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Dubai in talks to join Euroleague basketball: Emirati businessman

The United Arab Emirates commercial hub Dubai is in negotiations to join basketball’s Euroleague and host games, an Emirati businessman told AFP on Monday.

Abdullah Al Naboodah, founder and president of the yet-to-be-formed Dubai team, said the signs were “positive” following a meeting of the 13 shareholding Euroleague clubs in the city on October 11.

Euroleague, which bills itself as second only to the NBA, is Europe’s top basketball club competition and has been won a record 10 times by Real Madrid.

It could become just the latest sports franchise to forge ties with the resource-rich Gulf, whose monarchies are often accused of trying to “sportswash” their image overseas.

“Negotiations with the European league began eight months ago, and its goal is to involve a club from Dubai in the prestigious tournament, in addition to hosting some matches in the city,” said Al Naboodah, the former president of Dubai’s Al-Shabab Al-Ahli football club.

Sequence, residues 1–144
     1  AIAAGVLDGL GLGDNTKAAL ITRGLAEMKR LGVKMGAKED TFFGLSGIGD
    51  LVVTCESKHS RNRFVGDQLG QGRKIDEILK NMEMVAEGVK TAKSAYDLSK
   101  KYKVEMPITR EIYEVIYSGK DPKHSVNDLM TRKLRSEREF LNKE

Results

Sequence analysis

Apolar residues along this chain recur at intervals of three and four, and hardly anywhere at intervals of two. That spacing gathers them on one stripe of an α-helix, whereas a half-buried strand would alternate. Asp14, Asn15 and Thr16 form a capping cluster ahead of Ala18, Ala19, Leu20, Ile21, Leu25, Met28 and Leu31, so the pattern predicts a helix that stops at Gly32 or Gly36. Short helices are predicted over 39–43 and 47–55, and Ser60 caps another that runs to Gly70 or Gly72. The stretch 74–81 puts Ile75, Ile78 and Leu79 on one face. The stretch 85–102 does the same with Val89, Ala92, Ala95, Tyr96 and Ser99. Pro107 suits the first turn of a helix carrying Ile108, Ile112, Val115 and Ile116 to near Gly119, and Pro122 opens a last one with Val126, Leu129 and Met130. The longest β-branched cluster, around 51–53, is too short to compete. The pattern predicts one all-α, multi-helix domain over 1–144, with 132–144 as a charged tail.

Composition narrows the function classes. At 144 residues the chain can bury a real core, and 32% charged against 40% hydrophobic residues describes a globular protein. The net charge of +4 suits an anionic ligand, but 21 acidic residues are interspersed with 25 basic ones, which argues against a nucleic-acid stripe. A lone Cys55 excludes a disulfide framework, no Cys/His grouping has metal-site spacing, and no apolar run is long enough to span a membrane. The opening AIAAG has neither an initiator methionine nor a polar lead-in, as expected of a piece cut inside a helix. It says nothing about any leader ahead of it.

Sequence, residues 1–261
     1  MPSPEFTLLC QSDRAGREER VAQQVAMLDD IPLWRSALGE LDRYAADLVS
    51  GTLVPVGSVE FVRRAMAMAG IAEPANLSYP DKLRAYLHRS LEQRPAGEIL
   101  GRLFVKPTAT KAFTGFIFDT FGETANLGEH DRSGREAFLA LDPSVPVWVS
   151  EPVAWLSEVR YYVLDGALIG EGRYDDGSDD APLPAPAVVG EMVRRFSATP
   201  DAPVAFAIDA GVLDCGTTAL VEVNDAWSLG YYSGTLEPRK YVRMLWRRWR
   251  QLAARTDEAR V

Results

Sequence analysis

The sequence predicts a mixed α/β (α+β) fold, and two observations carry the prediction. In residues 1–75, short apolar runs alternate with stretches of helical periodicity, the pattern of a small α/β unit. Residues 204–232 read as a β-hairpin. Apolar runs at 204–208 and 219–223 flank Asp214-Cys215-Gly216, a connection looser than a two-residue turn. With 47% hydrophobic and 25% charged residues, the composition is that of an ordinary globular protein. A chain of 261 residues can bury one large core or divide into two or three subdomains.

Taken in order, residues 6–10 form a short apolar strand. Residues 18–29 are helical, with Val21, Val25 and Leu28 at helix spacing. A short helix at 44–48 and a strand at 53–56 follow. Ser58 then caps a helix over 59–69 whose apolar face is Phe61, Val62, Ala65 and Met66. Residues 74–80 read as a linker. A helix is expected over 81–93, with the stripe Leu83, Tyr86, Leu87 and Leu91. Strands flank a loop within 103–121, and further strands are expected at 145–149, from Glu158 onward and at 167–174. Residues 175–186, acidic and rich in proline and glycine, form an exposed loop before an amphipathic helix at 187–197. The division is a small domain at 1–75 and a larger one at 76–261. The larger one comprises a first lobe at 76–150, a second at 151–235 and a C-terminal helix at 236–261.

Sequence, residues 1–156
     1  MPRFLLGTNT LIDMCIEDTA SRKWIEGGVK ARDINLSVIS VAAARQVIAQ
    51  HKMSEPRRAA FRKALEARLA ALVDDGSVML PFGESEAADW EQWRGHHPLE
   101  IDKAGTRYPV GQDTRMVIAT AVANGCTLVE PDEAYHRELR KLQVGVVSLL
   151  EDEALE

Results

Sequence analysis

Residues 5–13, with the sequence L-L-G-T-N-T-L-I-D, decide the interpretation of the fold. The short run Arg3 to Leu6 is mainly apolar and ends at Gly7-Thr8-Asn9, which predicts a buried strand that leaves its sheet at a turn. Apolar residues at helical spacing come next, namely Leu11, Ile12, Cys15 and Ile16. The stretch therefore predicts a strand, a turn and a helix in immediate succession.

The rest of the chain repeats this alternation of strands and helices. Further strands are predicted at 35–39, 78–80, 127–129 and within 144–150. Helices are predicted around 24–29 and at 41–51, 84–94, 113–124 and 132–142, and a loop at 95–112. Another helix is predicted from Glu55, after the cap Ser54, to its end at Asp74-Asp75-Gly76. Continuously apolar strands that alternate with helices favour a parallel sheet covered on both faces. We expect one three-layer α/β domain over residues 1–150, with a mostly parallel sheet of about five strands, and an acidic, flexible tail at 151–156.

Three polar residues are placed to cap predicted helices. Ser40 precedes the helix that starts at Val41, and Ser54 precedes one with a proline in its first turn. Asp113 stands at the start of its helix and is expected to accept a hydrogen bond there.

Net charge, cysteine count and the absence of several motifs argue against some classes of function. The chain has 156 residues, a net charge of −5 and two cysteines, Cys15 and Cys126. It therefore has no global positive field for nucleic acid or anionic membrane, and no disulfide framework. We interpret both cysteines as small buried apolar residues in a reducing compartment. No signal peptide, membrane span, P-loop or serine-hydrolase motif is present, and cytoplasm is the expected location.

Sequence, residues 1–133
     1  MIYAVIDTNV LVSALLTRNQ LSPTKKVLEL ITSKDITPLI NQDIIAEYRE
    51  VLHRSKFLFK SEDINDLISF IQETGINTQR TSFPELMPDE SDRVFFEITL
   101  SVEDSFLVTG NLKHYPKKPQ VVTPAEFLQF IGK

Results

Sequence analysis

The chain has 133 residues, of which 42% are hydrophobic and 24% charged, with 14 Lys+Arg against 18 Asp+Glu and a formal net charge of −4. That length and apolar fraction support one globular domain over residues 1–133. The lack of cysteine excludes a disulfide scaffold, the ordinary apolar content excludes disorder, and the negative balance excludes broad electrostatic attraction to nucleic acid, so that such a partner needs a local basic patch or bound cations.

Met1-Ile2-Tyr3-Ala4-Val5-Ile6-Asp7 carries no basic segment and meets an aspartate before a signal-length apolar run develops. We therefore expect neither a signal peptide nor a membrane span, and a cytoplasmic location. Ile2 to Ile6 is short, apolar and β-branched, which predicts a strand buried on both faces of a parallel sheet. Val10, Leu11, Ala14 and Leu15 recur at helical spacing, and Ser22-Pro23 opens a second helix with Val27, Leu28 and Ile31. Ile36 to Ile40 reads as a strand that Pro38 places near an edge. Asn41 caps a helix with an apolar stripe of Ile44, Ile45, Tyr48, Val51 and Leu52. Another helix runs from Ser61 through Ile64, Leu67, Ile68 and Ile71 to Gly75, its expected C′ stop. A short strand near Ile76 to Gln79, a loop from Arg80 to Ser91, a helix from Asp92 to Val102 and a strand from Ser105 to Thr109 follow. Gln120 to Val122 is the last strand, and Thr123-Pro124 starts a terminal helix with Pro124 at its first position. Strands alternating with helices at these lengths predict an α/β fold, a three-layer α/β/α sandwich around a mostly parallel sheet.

“There is nothing official yet, and negotiations are continuing,” he said, adding: “The initial indications are positive towards the participation of a club representing Dubai, in addition to hosting matches in the Coca-Cola Arena.”

Euroleague CEO Marshall Glickman had earlier confirmed reports of the meeting at the 17,000-seat arena in Dubai, where he said league and club officials discussed “potential cooperation opportunities”.

But Al Naboodah denied reports of a 50-60 million euros offer for the tournament’s naming rights, currently held by Turkish Airlines.

“We did not address the rights to the name, as the tournament has its commercial partner (Turkish Airlines) until 2025,” he said.

Earlier this month, the UAE capital Abu Dhabi hosted the first games between NBA teams in the Gulf when the Atlanta Hawks and Milwaukee Bucks played two sold-out pre-season fixtures.

Neighbouring Qatar will host the first football World Cup on Arab soil in November and December, while the Gulf has four F1 races next year and Saudi Arabia has been investing heavily in several sports including golf, boxing and football.

The Gulf countries, although currently enjoying a resources boom, are trying to diversify their economies away from fossil fuels and attract foreign businesses and talent.

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